Girl: "I want to help."
Old warrior: "Help Avin. He isn't used to this kind of work."
Avin: "Help the old man. He might hurt himself."
Girl: "Um... what should I do?"
Avin: "Just stay there and observe."
Old warrior: "Don't help either of us!"
Avin (pushing door): "UWAAAAHHHH!"
Old warrior (pushing door): "UNNNNNGGGGHHH!"
Legend of Heroes doesn't succeed by overcoming these simple moments; it succeeds by building on them. For example, the above door-opening event is referenced during a later conversation to surprisingly good effect. Even Eimelle's adoption of a stray cat during the introduction (in direct defiance of Cathedral nuns) comes back into focus 10 hours of play-time later, when Avin hears rumors of a mysterious forest girl who's preventing trappers from killing off the sacred MEEPAS. Most RPG's would be content with just telling us, "Eimelle loved animals. This forest girl might be her." Legend of Heroes has already given us the background information to understand such a statement. That level of authenticity makes the game more believable, more compelling, and more real.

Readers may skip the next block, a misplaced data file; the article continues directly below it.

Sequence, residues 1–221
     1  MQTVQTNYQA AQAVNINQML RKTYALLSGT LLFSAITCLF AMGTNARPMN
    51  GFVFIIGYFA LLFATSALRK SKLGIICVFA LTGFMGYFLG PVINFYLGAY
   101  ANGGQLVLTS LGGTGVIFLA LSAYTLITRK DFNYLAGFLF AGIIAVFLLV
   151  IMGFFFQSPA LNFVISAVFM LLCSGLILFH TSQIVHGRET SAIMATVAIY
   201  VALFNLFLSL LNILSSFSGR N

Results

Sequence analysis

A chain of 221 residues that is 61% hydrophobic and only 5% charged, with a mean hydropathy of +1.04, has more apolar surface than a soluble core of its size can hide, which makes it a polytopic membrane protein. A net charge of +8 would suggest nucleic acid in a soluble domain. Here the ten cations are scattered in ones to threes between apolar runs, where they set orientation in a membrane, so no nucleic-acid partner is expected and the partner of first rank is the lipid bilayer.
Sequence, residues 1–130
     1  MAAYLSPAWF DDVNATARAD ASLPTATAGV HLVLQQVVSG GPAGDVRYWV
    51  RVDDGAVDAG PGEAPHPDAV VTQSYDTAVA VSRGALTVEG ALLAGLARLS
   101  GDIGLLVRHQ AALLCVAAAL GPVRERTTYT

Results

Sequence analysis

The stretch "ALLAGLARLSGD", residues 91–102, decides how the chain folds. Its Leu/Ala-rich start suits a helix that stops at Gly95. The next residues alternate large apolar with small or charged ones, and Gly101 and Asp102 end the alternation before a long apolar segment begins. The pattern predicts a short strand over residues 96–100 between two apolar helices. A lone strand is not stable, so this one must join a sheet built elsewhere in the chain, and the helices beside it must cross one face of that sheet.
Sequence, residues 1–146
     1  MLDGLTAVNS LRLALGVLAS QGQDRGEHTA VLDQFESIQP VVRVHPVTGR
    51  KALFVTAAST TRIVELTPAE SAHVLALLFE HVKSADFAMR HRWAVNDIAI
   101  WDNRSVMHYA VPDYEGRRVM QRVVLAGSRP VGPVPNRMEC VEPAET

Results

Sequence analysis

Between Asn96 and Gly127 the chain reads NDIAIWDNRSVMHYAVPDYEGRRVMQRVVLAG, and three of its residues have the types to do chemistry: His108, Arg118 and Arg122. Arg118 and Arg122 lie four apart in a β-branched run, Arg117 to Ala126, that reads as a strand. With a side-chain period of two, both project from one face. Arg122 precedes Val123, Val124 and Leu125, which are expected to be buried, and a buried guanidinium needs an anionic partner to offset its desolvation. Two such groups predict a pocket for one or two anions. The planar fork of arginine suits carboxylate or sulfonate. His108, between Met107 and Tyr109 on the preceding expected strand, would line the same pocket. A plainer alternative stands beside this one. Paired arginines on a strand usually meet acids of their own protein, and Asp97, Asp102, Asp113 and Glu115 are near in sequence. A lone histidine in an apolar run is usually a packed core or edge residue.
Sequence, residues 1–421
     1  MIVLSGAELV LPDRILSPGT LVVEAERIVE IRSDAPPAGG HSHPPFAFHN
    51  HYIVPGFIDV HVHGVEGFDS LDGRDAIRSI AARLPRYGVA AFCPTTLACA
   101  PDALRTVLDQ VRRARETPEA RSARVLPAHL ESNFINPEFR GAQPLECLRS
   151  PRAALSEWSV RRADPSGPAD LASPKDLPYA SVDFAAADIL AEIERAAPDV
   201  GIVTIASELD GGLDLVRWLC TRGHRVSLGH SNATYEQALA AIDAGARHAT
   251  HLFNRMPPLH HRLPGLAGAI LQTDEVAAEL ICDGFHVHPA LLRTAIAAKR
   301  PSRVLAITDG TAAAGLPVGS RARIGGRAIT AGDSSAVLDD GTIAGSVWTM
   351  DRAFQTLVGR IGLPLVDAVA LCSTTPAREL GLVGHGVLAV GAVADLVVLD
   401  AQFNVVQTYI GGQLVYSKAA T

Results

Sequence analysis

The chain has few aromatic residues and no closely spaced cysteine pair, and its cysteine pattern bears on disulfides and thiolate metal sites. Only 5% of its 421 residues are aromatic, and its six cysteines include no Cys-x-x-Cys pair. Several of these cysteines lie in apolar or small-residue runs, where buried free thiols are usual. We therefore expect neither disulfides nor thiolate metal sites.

The kitten scene wasn't in the original 1996 PC version. With 20/20 hindsight, Falcom has re-tooled, revised, and outright rewritten the game several times across the past nine years. This final rev feels so natural that it's hard to believe scenes like Avin meeting his best friend (and quest companion) Mile weren't always present. In the original, Mile was simply introduced as Avin's buddy. During the PSP version's prologue, we get to see how a younger Avin first met the shy Mile. Years ago, they both attended a local village festival. Part of the festival involved floating a written wish across the water. If the wish floats to the center of the lake, it will come true. If it sinks, then it will never come to pass.
Avin wishes to someday find his sister... and his wish sinks on contact. THE HORROR! But then Mile immediately hurls his own wish into the pond. "Please, let Avin's wish come true!" Mile's wish floats beyond the center of the lake... rejuvenating Avin's hopes. Not only does this make their friendship more believable than just saying "they're buddies", but it's a stirring example of how great things cannot be accomplished by one man alone. There will be many more such examples by the time the immensely satisfying conclusion arrives.